Ruined by the SEAL

By: Zoe York

“What the hell are you doing beyond fixing it up?” Now he though it was his turn to glare at her?

She huffed. “We’ve commissioned an architect to modify the parts of the building that can’t be restored in a historically appropriate way.”

His eyes narrowed. “We'll happily take over that commission and have him redraw the plans to our specifications."

Don’t ask, don’t ask, don’t ask… She couldn’t help herself. She braced herself and asked, “What kind of specifications?"

"A gun range. Weapons vaults. An obstacle course. The usual."

Oh, sweet mother of God. It was worse than she’d suspected. They were going to destroy the estate. “The usual?”

He leaned in close, probably to make sure she wouldn’t miss just how serious he was. “That’s just the start of it.”

Her nose twitched uncontrollably and she could feel her cheeks turning what was probably an embarrassing shade of red. “This is a historic building and you can’t just—”

“Oh, but I can.” He stepped back and squared his shoulders again. The man was disturbingly geometric. Human beings shouldn’t have that many angles. Or that much confidence. “It might be old, but it’s not protected, right?”

Well, no, it wasn’t…but that wasn’t how the island did things. And… She narrowed her eyes at him. “You don’t know that.”

His expression gave nothing away.

That was enough of a tell. She swallowed hard and lied. “We’ve begun the process to protect this as a historic site. You’re too late.”

A twitch. Just one, right above his right eyebrow. He doubted himself. Good.

“There’s nothing historic about this monstrosity.” He ground out the words from between tightly gritted teeth.

“Now you’re pretending that it’s a monstrosity?”

“I’ve spent the last twenty-four hours, here, sweetheart. I know just exactly how run-down it is.”

“It’s not—”

“Until thirty minutes ago, when you set up your ridiculous little tent, it had sat unoccupied for more than ten years. It’s full of more rats and birds than I can shake my fist at, and no exterminator could fix that. We’re going to need to rip everything back to the studs anyway, so we might as well keep going and knock out a few walls.”


MICK COULD TELL THAT EVERY WORD OF HIS LAST SENTENCE landed squarely. Cara’s eyes got wider and wider, and then snapped shut, like she didn’t want to hear anymore.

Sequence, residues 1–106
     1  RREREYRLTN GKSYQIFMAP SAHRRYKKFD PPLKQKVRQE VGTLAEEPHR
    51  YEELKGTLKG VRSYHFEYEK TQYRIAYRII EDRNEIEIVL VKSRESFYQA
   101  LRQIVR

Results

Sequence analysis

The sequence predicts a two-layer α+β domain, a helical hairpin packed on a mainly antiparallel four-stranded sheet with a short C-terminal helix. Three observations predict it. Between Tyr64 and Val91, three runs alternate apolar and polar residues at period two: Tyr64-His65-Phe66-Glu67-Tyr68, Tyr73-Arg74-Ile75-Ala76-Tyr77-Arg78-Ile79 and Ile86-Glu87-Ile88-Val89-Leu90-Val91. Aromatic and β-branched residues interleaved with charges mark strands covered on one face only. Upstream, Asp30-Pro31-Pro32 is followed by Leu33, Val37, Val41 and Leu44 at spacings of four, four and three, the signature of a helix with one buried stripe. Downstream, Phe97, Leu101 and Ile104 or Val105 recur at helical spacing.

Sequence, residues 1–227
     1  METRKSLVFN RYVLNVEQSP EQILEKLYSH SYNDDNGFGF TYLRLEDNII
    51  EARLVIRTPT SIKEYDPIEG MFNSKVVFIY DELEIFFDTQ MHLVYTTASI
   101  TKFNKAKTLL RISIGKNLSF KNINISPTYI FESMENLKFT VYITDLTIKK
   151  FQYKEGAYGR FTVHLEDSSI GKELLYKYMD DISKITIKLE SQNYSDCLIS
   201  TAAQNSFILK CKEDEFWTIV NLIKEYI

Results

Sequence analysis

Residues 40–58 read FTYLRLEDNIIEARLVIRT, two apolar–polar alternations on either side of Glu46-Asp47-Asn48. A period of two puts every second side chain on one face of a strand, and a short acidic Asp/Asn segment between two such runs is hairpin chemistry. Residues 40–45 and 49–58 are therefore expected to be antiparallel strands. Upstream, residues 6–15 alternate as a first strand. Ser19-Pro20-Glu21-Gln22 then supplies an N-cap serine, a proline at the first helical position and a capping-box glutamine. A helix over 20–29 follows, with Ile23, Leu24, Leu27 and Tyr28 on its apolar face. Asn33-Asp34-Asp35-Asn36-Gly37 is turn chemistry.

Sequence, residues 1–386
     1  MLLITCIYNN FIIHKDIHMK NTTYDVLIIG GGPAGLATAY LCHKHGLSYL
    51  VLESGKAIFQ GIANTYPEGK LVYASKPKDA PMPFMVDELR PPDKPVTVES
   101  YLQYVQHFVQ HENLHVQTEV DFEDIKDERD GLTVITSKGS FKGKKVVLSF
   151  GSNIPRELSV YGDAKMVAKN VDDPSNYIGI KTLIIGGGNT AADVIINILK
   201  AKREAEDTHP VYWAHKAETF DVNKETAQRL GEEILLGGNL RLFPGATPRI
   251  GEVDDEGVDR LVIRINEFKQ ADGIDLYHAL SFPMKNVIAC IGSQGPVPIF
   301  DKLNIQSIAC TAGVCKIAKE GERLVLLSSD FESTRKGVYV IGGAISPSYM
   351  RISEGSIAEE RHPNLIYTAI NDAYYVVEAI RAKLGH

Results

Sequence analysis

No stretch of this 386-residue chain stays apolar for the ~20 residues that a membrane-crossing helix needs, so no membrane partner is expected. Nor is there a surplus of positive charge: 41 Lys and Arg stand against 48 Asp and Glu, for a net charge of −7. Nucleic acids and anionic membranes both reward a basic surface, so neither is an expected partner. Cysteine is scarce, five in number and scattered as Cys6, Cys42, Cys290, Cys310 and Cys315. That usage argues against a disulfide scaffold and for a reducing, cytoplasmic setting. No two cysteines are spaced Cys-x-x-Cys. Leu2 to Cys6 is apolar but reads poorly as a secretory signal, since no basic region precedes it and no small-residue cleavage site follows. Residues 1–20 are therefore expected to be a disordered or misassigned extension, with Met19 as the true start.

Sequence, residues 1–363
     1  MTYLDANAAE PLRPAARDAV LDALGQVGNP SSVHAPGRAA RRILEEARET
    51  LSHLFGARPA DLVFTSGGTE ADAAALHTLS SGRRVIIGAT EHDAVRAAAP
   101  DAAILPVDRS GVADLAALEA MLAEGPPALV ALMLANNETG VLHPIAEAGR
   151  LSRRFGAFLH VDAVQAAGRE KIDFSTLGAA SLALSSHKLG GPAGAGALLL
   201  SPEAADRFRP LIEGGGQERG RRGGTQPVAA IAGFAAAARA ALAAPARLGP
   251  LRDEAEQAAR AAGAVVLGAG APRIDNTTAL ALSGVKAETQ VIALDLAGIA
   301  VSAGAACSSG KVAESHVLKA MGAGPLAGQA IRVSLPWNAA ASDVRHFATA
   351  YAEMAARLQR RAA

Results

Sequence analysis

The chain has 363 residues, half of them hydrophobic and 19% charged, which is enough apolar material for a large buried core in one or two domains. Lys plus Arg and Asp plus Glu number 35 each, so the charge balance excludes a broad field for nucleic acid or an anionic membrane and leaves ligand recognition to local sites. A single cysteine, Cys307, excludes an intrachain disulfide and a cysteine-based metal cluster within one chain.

He ignored the visible tremor in her cheek and the wobble of her full lower lip. She was a distraction, nothing more, and he wouldn’t let her bother him another minute.

He took one last grim look at her ridiculous tent and offered a platitude he almost definitely didn’t mean. “If you need me, I’ll be in my quarters.”

“They’re not your quarters. And I’m not going to need you,” she hollered as he strolled out of the ballroom.

She would, though, if she hung around long enough. The only running water was in his bathroom. Now that she was staking her ridiculous claim in the middle of the ballroom, he’d have to play hardball.

Which was a shame, because when she wasn’t yelling at him, Cara was…interesting. Smart. Pretty, too. Definitely someone he’d be happy to share a shower with.

But no hot water for her.

She wanted a fight? He’d give her one.

The tiny little historian with the crazy curls and flashing eyes had no idea who she was messing with.



So he spent his second twenty-four hours on Miralinda watching a beautiful woman through the windows of her house. Sort of. It might be his house. Or his-adjacent. His by proxy.

She always changed inside the tent, so it was pretty PG-13 as far as perving went.

But it was still stalker-esque. And no good intel came from it. She actually spent her Saturday night and Sunday morning working, as she claimed. She moved through the rooms, cataloguing the dilapidated furniture and referencing a clipboard with only God knew what other information on it.

If he were in her shoes, it would be a list of everything that should get tossed on a bonfire. Starting with the few remaining pieces of furniture, which surely housed families of mice, and including all the interior walls, because they only looked lovely if one squinted.

Or if one were overly affected by nostalgia.

She had a computer set up in one of the upstairs rooms, and when she left for an hour on Sunday afternoon, he snuck in and checked it out.

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